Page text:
You and your pets aren’t the only ones itching to bask in the warmth of spring. As the mercury rises and the spring rains collect in puddles, swarms of pesky mosquitoes are sent looking for their next lunch. These buzzing bloodsuckers may be just a nuisance to us humans, but to our pets they can be downright dangerous. In honor of National Heartworm Awareness Month, we shine a light on heartworm disease to help you keep your pet safe. While it’s important to note that heartworm is more common during the spring and summer months, the risk of infection can occur any time of the year in any of the 50 states, leaving none of our pets immune.

What is Heartworm Disease?

Mosquitoes are the carriers of this potentially life-threatening condition that can affect dogs and cats – even ones who live indoors. If there’s a way inside your home, mosquitoes will find it – whether hitching a ride on your clothes or swooping in through an open door. The cycle begins when a female mosquito feeds on an infected pet, ingesting immature heartworm larvae called microfilariae that live in the blood. Once they’ve developed into infective larvae 10 to 14 days later, the mosquito passes on the parasite to another pet. Once the dog or cat is infected, the larvae eat through the skin and connective tissue, reaching the bloodstream. Eventually the larvae travel to the arteries and lungs, where they mature, mate and reproduce, completing the lifecycle. An adult heartworm can grow up to one foot in length!

What are the Consequences of Heartworm Disease?

In dogs, it takes several years to show clinical signs of infection. By this time, the disease has already progressed. Signs may include a persistent cough, reluctance to exercise, decreased appetite and weight loss. Heartworm disease in cats can range from minor symptoms to dramatic, causing asthma-like attacks, vomiting, decreased appetite, seizures, and even sudden collapse or death. What’s important to note is that treatment for dogs is costly, lengthy, and not without risk. Unfortunately, there is no treatment for heartworm disease in cats.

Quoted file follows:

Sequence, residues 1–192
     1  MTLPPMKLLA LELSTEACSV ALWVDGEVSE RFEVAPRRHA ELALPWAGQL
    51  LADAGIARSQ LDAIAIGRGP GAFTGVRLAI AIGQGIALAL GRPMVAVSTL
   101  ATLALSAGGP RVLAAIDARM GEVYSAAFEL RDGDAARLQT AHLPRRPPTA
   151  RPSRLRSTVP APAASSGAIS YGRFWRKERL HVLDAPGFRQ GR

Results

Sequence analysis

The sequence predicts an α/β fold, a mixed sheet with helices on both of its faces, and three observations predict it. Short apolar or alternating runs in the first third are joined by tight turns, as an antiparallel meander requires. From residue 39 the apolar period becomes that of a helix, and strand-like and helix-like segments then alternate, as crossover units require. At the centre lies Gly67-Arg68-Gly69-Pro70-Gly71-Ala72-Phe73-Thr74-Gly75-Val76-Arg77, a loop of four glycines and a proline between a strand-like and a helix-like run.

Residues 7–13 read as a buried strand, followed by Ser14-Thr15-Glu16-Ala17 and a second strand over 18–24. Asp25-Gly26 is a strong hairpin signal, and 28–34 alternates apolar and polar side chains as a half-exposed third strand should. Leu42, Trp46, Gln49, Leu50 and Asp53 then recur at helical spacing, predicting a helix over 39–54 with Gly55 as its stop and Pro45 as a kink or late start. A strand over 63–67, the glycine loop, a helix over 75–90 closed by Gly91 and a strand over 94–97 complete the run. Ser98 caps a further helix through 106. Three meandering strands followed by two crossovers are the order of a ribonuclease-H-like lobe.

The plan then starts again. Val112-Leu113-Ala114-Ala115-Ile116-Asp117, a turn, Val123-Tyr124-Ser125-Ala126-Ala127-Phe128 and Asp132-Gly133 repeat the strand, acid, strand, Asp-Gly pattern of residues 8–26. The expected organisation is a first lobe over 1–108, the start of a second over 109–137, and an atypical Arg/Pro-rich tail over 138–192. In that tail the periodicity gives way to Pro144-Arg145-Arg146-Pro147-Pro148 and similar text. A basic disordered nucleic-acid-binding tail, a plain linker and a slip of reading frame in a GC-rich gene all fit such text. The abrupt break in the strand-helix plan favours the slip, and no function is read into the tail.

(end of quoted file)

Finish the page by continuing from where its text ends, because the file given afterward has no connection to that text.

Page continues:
Prevention is the Best Medicine

The good news is that heartworm disease is 100% preventable in cats and dogs. There are several topical and oral preventives available that work by killing the heartworm larvae before maturing into adults. Based on your pet’s needs, we’ll help you determine which product is best.

Consistency is Key!

Heartworm preventives are effective only when given on the proper schedule. Going even a couple of months between doses is long enough for a cat or dog to become infected. All pets should be tested before beginning medication, and regularly thereafter to ensure the product is working. We’ll guide you toward the right methods of prevention for you and your furry friend.